Lynsey White:  We recommend addling all of the eggs in the nest. This sets your egg addling program up for the best chance of success for reducing the population growth rate of Canada geese that year, and also allows you to use aversive conditioning to move adult geese out of high-conflict areas after nesting season (since they don’t have to tend to flightless goslings). But, it really depends on your community’s goals. Most communities that we work with want to addle as many eggs and nests as possible (knowing that they will never find them all/will always miss some of the nests). But we have also worked with some communities that leave a few eggs in some nests alone, as they want to have some goslings around in the summertime. Just remember that any geese with goslings will be around with those goslings all spring and summer!


Audience Question: So then when the eggs are addled, how long does the hen stay on the nest before abandoning it?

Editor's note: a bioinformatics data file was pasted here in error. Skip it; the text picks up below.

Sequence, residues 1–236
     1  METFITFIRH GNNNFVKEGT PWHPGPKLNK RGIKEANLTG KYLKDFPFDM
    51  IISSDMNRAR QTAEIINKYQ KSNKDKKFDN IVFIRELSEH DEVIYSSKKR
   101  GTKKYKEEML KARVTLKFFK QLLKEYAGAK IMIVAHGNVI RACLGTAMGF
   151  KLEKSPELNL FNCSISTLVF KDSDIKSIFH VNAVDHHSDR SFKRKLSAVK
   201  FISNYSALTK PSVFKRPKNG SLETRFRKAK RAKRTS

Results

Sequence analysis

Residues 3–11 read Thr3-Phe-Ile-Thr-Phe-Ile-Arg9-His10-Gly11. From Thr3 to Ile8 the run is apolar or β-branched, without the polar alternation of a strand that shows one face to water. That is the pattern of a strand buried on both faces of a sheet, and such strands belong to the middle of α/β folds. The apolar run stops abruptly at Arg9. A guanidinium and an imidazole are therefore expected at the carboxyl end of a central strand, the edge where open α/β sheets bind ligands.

Lynsey White:  The female usually stays on the nest for about the same amount of time that she would otherwise (for a total of 28 days), and then will abandon the nest. We sometimes hear concerns from volunteers that the hen will stay on her nest all summer   waiting for her eggs to hatch, but we’ve never seen or heard of that happening. Nests fail all the time in nature for a number of reasons, and usually the hen just accepts that her nest didn’t work out that year.


Audience Question: When we addling the eggs, should we worry about oiling the adult, feathers, inadvertently even using 100% corn oil? 

Lynsey White:  If I understand correctly, the concern is about the oil getting on the adult’s feathers and affecting her waterproofing? The answer is that the oil will get on her feathers (as she sits on the eggs and turns them around), but the oil does not affect her waterproofing.